Changes In A Long Way Gone By Ishmael Beah

1424 Words6 Pages

Day by day, children are facing acts of inhumanity that are occurring around the world. This causes these kids to become different people who change in negative ways. Such acts are being mentioned in the books Never Fall Down by Patricia McCormick and A Long Way Gone by Ishmael Beah. Never Fall Down is about a boy named Arn who survives the Cambodian genocide, and A Long Way Gone is about the author’s experience as a child soldier fighting in the Sierra Leone Civil War for three years. Arn is eleven years old before the Khmer Rouge come to his home, and he is a kind and playful young boy at the time. Ishmael was a teenager who loved to listen to rap music and dance with it alongside his friends and younger brother Junior. As these boys face …show more content…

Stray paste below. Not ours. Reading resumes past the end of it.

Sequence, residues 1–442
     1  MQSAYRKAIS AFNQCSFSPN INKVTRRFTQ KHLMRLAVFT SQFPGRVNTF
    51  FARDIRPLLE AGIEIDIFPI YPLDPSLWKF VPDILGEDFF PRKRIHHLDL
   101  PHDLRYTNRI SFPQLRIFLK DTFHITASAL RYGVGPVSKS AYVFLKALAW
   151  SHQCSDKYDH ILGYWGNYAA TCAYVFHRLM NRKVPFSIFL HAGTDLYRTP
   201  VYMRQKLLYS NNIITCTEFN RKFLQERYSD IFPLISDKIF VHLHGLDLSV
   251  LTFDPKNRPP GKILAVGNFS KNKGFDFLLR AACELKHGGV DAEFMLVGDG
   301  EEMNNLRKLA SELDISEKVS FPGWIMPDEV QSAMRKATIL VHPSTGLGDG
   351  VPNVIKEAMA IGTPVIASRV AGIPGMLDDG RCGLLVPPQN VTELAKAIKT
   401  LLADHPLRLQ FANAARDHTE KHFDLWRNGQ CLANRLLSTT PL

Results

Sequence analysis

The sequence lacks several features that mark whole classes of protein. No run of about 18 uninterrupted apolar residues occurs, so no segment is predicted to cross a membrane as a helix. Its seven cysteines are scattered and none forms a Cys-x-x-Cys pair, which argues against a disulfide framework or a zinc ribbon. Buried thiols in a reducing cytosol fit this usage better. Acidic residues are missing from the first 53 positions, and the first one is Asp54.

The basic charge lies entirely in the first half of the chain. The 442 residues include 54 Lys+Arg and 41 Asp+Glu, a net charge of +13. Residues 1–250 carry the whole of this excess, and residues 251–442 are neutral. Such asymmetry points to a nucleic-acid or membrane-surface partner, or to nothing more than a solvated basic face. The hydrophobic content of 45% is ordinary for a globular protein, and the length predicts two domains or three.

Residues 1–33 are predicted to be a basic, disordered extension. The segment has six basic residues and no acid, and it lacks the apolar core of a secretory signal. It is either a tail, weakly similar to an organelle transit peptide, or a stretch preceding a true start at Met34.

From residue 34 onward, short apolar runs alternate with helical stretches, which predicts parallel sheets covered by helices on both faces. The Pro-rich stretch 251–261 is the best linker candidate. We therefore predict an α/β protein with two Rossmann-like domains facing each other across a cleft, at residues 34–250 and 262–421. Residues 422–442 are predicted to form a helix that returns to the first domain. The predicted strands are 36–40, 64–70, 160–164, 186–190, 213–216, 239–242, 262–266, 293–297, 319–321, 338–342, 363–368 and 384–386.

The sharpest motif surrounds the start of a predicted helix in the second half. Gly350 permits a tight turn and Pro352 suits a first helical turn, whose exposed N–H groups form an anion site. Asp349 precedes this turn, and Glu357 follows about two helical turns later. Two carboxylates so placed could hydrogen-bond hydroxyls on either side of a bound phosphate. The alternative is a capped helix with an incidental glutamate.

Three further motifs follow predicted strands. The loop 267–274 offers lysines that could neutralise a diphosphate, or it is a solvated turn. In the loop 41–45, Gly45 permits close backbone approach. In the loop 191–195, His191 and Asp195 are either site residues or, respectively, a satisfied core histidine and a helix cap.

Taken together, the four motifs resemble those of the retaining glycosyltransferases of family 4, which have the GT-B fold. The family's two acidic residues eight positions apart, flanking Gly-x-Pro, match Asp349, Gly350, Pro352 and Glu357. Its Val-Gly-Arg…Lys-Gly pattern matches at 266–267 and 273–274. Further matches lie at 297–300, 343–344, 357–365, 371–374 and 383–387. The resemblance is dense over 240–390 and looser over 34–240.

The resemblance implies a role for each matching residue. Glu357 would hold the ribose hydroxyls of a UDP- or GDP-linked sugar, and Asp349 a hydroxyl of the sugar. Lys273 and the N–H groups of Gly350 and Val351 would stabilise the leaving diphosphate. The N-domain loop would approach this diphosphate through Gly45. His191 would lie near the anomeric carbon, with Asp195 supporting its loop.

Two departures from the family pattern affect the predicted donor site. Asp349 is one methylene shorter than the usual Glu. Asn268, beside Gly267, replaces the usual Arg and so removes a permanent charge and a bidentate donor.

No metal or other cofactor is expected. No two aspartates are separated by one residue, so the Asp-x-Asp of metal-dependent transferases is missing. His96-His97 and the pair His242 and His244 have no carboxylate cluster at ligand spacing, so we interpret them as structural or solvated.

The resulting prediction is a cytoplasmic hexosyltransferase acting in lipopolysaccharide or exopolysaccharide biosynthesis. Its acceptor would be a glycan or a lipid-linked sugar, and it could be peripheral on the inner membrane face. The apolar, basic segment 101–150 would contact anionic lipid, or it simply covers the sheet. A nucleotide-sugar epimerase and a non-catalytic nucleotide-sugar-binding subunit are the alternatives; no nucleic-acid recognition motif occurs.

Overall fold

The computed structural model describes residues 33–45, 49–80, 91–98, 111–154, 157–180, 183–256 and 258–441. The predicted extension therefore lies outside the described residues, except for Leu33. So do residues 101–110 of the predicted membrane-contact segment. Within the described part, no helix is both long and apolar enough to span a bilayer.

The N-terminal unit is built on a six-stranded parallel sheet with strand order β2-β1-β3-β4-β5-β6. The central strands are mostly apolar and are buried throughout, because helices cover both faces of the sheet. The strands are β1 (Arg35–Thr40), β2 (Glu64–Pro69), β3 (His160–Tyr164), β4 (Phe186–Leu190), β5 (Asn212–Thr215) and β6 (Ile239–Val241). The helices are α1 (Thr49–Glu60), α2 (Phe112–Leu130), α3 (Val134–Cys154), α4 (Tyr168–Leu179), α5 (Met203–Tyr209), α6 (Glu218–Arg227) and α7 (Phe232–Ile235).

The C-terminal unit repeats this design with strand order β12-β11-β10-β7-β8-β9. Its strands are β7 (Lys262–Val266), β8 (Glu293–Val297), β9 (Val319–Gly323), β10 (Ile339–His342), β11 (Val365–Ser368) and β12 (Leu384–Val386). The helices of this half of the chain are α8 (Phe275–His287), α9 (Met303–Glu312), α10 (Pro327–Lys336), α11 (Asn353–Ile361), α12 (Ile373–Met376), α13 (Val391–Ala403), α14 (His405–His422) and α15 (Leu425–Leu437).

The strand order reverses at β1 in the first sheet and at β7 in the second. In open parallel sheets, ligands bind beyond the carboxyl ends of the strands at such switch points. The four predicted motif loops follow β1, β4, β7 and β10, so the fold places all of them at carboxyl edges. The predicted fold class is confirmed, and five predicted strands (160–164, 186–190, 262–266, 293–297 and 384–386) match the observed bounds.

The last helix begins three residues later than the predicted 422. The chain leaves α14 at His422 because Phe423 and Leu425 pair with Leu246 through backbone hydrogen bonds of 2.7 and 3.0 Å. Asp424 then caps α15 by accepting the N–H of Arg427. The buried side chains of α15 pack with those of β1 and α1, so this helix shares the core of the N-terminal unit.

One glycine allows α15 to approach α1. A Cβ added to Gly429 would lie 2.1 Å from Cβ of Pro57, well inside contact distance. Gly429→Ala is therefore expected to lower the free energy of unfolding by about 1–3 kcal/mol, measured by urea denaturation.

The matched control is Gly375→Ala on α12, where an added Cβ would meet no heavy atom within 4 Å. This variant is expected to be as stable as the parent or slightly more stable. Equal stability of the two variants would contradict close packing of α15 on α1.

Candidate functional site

In Never Fall Down, Arn’s personality alters from originally being a kind, friendly boy into a ruthless beast that yearns to kill or cause harm. As he says in the book, “At the corner, five black-pajama soldier stand, smoking cigarette, on a lookout. They’re young, these guys, so I say, ‘Wanna play?” (Never Fall Down 11). The boys that Arn refers to are Khmer Rouge soldiers, but Arn does not know that, and he would not have cared then. Being kind to other people is part of Arn’s personality, which is a good thing. He shows this kindness to the soldiers because he asks strangers to play with him. Unfortunately, the Khmer Rouge gets rid of this attribute in Arn. Additionally, the author writes, “I don’t do what this tiger in my heart is telling me to do; kill these kid,” (Never Fall Down 195). Instead of being like his old self, Arn changes, and now wants to kill the boys in his school instead of being kind to them. His personality has altered from being friendly to ruthless. In A Long Way Gone, Ishmael faces similar changes. As it states in the novel, “We didn’t have enough time to thank her and tell her to thank her son for his hospitality,” (A Long Way Gone 65). The protagonist shows kindness and gratitude for the adults who give him and his friends protection. This demonstrates Ishmael’s manners are initially proper and are being used appropriately. However, after his years of being a soldier, he has lost these manners and become rude to other adults. Beah writes, “As soon as they started speaking, we would throw bowls, spoons, food, and benches at them,” (A Long Way Gone 138). The boys and Ishmael are being astonishingly rude to the adults in the rehab facility daily, who are just trying to save them from themselves. Instead of thanking them, the boys abuse the adults because of some false belief that they are meant to be respected. In brief, the changes in personality of the

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